Every few years The Music Zoo likes to pay a visit to our friends at D’Addario, the world’s largest manufacturer of musical instrument strings and also purveyors of more musical instrument and guitar accessories than you can likely think of. Drumsticks? ProMark! Drum heads? Evans! Saxophone and clarinet reeds? Rico! Yes, D’Addario offers plenty of products for all kinds of musicians, but we wanted to see some guitar strings. Hence, we drove to the company’s headquarters and string-making operation based in Farmingdale, Long Island—a straight shot from the Zoo on the Long Island Expressway here in New York.
There’s always something new happening at D’Addario, but this visit revealed some massive changes at a company which has always tried to do its production in-house. This includes printing the cardboard used for packaging strings and also building the machines that make the strings. That’s right; D’Addario has a machine shop and a staff of engineers that design almost all of its manufacturing equipment, from string winders to the machine that stamps graphics on guitar picks and solders the jacks onto cable for its Planet Waves brand (soon to be phased into the D’Addario brand).
One big new thing for D’Addario is the creation of a wire mill right across the street from the string plant. Previously, the company used a mill in Massachusetts for the process of taking raw, high-carbon steel and “drawing” it into a raw string, whereupon it was coated with tin to prevent corrosion. That process is now performed by D’Addario in-house. The company will also be creating its nylon guitar and instrument strings from raw, unstretched nylon—something not previously done.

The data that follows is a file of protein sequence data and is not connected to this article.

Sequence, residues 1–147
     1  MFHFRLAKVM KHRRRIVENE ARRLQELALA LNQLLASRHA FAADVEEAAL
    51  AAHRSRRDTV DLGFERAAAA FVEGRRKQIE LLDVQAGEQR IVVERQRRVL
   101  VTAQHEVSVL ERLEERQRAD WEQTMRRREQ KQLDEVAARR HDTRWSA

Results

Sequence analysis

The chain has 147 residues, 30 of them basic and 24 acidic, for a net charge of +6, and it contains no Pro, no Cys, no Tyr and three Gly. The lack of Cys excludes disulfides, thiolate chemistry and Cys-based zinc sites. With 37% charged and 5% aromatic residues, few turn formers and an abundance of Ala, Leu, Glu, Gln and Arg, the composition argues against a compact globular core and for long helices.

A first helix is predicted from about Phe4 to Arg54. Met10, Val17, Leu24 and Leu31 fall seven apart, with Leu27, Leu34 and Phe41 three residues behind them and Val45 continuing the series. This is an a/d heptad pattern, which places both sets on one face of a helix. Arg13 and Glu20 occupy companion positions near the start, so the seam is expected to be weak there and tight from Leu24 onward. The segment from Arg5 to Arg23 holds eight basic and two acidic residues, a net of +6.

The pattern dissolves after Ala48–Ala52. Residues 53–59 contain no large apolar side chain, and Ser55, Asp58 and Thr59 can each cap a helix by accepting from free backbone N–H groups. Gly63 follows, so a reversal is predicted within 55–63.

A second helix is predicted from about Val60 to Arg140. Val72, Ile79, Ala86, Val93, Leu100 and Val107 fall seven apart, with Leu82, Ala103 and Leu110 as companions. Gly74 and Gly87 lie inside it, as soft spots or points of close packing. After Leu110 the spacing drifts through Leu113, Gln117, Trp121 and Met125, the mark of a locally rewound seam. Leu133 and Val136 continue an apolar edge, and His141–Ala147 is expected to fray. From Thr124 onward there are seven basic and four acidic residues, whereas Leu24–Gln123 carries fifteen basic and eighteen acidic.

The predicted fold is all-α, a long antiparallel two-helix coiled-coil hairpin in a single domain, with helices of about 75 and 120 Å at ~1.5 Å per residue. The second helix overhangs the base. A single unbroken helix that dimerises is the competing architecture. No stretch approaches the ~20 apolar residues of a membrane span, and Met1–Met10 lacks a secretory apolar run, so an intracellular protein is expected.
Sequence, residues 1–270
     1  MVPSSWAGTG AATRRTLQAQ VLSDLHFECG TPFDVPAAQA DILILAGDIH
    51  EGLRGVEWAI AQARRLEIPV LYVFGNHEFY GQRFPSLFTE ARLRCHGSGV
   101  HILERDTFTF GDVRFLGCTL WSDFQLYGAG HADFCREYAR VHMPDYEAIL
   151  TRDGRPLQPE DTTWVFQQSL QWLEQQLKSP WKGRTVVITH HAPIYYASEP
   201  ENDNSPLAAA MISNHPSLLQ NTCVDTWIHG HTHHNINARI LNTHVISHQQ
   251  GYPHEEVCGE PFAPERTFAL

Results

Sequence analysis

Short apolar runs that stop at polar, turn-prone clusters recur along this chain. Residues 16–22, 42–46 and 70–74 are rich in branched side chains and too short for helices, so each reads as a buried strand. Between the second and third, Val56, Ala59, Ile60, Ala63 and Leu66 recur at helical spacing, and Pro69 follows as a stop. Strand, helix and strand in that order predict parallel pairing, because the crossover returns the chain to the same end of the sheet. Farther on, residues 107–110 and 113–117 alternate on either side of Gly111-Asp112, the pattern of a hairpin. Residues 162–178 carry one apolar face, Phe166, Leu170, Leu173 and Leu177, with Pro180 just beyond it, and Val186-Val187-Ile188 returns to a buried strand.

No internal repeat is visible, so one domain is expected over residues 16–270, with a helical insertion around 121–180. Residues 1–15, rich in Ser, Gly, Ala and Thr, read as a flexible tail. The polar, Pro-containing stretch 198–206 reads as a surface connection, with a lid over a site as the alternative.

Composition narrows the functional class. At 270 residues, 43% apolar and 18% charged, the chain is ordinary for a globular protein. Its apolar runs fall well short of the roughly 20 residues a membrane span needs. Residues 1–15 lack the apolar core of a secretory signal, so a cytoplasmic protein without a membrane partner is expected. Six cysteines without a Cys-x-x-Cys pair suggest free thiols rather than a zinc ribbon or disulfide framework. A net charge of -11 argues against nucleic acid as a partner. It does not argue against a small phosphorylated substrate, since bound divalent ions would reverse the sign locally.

As we toured D’Addario, the company impressed upon us its efficiency as a manufacturer and how it keeps its available supply lean; it never manufactures more needed beyond a three-month window. This methodology is known as Toyota Lean, or the Toyota Production System. It’s a management approach that eliminates waste by manufacturing only what is needed and getting the right things to the right place at the right time. The benefit of Toyota Lean is lower overhead a lower retail price to consumers, and it’s allowed D’Addario to grow tremendously while remaining local and doing everything here in the US. Significantly, the company employs locally and its considered a huge contributor to the Long Island economy. The benefit of Toyota Lean manufacturing was evident evident during our tour of the string manufacturing facility. It occupies what seemed like a football field-size floor of D’Addario’s main building, using many people in different “work cells.”
The “other” big new thing at D’Addario is its NYXL line of guitar strings. The company describes it as “The strongest electric guitar string ever made,” and one supremely resistant to breakage and corrosion. They’re what D’Addario considers to be its next generation of guitar string manufacturing using various proprietary processes that are largely enabled by the company having its own wire mill across the street.